Recently, Russell Brand has declared his faith in Ed Miliband, expressing his belief that Ed will ‘listen to us’. Call me a cynic, but I suspect if Ed gets into No.10 then his democratic promises to listen to us will soon be cast aside after just one significant FTSE100 slide or fall in the Pound’s exchange rate or yield on Gilts (UK government bonds). Then ‘The Markets’ will assert its supra-democratic power in no uncertain terms and Ed, pushed by the Party’s Blairite right, will largely capitulate. Hope I’m wrong!
I want to cover just one further insidiously powerful form of extra-democratic power: that of the free-trade international treaty. How many of you reading this have heard of ‘TTIP’ (Transatlantic Treaty on International Property)? Well, TTIP is being pushed through largely surreptiously and extra-democratically and is being spuriously sold as a catalyst for huge growth in trade and jobs. In reality, it constitutes yet another brick in the anti/supra-democratic wall that has been constructed over recent decades as part of the ‘globalisation’ project. The economically devastating reality of global free trade is well documented: think deindustrialisation in Europe and North America and the devastation of emerging infant industries in many parts of the Third World. However, as free trade principles have become secured in international trade law (while rich countries themselves systematically flout them), the focus of these treaties has moved on to protecting intellectual property, essentially stifling innovation by prolonging patent lives and allowing multi-national corporations to colonise human (i.e. collective) knowledge and even natural entities. So, soon after our so-called ‘democratic’ electoral process is over, further swathes of our economic sovereignty will be put beyond our political control by the passing of TTIP. Very few people realise, alas, that this is happening. Put simply, TTIP is about pushing more power for corporations, weaker environmental regulations, and weaker rights for workers.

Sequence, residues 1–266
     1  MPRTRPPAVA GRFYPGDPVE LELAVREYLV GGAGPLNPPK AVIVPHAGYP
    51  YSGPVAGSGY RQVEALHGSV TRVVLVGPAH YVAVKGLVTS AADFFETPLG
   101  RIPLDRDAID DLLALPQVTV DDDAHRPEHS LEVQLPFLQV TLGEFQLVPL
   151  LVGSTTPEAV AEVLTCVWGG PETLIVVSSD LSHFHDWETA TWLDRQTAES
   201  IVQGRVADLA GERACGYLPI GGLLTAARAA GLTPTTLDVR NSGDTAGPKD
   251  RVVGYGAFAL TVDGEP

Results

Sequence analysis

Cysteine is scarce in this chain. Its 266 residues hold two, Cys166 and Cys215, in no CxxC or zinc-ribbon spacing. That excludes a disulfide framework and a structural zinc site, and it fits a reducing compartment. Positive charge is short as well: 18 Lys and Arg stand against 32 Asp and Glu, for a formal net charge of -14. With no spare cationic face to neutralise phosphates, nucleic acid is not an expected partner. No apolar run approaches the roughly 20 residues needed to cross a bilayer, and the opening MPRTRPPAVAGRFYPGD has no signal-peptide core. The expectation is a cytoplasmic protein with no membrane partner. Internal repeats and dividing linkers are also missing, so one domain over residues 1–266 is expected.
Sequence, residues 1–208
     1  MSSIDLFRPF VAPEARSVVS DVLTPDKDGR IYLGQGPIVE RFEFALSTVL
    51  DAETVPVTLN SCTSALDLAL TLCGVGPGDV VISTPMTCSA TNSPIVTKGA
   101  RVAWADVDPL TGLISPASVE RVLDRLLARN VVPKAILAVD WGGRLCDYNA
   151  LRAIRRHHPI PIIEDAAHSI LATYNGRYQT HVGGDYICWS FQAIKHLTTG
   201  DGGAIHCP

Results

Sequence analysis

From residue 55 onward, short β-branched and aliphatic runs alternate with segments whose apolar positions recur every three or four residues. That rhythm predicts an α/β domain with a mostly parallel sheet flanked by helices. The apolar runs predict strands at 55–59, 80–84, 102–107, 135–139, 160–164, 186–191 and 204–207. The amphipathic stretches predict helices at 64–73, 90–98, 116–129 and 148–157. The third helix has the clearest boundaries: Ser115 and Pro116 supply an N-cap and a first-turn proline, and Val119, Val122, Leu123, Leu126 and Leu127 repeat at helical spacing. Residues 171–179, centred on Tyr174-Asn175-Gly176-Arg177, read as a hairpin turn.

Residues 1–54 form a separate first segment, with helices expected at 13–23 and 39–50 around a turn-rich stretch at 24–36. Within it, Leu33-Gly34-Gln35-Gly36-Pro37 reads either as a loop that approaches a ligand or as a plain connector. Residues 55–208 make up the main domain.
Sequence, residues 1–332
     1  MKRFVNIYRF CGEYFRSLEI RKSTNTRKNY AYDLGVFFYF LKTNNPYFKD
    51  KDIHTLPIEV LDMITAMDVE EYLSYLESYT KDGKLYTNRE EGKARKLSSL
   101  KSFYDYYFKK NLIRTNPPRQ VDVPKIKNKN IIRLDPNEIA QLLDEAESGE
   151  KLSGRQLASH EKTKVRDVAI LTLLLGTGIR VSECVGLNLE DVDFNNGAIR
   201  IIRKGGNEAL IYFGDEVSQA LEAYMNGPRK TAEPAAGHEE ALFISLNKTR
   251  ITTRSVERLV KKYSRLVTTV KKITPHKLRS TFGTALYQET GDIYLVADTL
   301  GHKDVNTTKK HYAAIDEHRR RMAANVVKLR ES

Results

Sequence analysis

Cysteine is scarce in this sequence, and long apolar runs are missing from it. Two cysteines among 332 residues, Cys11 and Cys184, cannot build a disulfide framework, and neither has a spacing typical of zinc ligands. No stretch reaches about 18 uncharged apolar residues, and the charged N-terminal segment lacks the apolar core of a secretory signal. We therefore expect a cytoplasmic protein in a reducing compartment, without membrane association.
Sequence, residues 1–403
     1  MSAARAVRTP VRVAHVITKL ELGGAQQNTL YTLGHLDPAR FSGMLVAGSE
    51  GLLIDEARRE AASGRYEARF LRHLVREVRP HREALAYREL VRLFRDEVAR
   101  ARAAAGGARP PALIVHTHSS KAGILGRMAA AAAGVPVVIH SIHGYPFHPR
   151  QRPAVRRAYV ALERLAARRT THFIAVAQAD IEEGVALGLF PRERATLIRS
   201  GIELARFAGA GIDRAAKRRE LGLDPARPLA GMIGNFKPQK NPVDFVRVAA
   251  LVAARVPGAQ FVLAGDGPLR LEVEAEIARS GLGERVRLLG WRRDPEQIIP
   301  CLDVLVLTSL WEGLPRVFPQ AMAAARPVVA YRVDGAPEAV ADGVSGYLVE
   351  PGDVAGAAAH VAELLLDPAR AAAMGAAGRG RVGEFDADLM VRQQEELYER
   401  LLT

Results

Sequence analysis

The Conservatives, UKIP, and Labour talk about national sovereignty with regard to the influx of poor people. They might mention the supra-democratic nature of much of the EU or, more specifically, the European Commission, but they say virtually nothing of the systematic removal of sovereignty over key things like industrial, trade, and scientific policy – areas that hold the key to potentially reviving our economy and society. They say nothing because the elites that run these parties support and push through these developments for the benefit of their backers.
(4) Symbolic power
By now you’re probably thinking something like ‘how the hell can they get away with this?’ One key way to respond is to use a concept of power that goes way beyond a crude notion of using force to make people do things. That is not power; that is violence. That cannot last long. Yes, power is fundamentally about material relations, but it is equally necessary for those with material power to make others believe that the world they experience is actually just and, even better, totally natural and unchangeable. Power is, therefore, about producing ideology – a coherent world-view of the nature of reality, society, human beings, and their motives – and inculcating that through all of a society’s institutions of cultural production and reproduction i.e. the media, the arts, schools, universities, within communities and families, and even within our own minds and bodies themselves. The ‘hegemonic’ position of what is called ‘neo-liberalism’ has been constructed, developed, enforced, imposed, disseminated over decades through all these social institutions and more.